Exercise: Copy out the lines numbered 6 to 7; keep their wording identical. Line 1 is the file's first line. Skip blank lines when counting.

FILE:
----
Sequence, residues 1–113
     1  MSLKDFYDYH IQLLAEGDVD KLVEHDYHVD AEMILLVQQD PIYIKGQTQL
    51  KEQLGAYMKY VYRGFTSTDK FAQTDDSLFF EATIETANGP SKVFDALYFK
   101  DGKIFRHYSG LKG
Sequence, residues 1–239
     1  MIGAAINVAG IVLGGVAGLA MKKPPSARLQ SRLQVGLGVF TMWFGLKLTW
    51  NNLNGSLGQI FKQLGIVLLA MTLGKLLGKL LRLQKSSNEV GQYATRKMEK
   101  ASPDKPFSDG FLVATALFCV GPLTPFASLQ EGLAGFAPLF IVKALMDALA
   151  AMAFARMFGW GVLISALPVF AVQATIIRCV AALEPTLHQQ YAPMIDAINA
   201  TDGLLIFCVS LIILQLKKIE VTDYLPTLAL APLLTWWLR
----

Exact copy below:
     1  MIGAAINVAG IVLGGVAGLA MKKPPSARLQ SRLQVGLGVF TMWFGLKLTW
    51  NNLNGSLGQI FKQLGIVLLA MTLGKLLGKL LRLQKSSNEV GQYATRKMEK